The first area of the questionnaire covered experiences with the dispatch system of the police department. I\lthou9h the differences a)"e not significant, more (76%) of the respondents after the introduction of team pol"icing said they WC1"e velAY satisfied vorith dispatch than those did before team po"licing (64%). Then:: was a significant difference in the speed of response to burglary calls. Pl'C~voiously, 56% of the respondents repol"ted that the car arrived wit~in 20 minutes. Since team policing, the percent&ge of calls in which the response was within 20 minutes dropped to 30%.

These differences arc results of policy changes in call stacking, and it is important to look at the n~su-ltin9 effects on the satisfaction of the complainants. Sl"ight-Iy fewer (6n~ compared w-ith 78r) of the respondents undet team policins! said that the po1-ice arl~ived "fastel~ than they exp(~ct(!d"

than said so before. 1\150, slightly fewer (68% compared with 79Z) wete llrnoderatelyll 0r livery" satisfied \-/ith the speed of the arrival tilJ1e.

The differences in perceptions and attitudes toward tile speed of arrival are not statistically significant, even though there was a clear dHference in the speed in \-/hich the ponce arrived. This shows, that "lith proper explanation, stacking calls can be expected to have little serious effect on citizen's perception of police services. This is supported even furthel~ by the resu 1 ts rep()l~ted below.

Several questions were asked concerning the officers' behavior. These consisted of things like describing the way in \'1hich the officer app~~oached, what tIle officer said first, hoVJ they looked at the complainant, how close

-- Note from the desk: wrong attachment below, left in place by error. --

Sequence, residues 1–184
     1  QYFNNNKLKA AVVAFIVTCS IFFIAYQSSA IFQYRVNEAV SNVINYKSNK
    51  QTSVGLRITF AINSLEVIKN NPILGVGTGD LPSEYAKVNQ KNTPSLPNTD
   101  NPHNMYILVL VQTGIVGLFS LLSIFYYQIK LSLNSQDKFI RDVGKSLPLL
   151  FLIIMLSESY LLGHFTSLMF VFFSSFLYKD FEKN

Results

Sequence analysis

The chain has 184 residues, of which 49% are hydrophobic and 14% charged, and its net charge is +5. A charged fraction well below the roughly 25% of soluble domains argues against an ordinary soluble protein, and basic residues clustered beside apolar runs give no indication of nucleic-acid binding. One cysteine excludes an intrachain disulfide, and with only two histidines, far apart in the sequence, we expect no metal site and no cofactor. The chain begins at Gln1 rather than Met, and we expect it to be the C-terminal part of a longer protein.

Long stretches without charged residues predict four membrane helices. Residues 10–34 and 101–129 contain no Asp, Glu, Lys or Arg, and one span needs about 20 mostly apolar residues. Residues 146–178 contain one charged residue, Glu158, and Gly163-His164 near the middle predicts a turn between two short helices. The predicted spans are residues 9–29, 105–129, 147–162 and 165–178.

they s toad and the 1 ike. The id nds of percepti ons in the second admi ni s·­

tration I'lere almost identical to the first admili'lstration. The interested

reader can refer to the interim report to see how citizens perceived the

police officers' behavior.

One sect; on of the quest; anna he contai ned a !Iseman r.i c differenti a 1"

scale that \vc1s used to measure the cit"izen's pc)'ception both of vl\1at they

expected the police officrr to be like ~nd what the officer actually was

like. The semantic dHferenLial consists of a series of adjective Pi1il'S,

such as courtcous-discoul'teous~ tall-short. considerate-inconsiderate.

and kind-cruel. Respondents were asked to fill out two sets of these

tests. One set descdbes \vhat they expectAd the officer to be like and the

other descri bE's ho\'l they were actually perce; ved.

Respcndents to both sets of questionnaires gave very silllilar des­

ClniptiOl'IS of the police officers, and a complete descript'ion of these may

be found in the interinl report. TllGl'e ViaS one impolntant diffr!rence Getween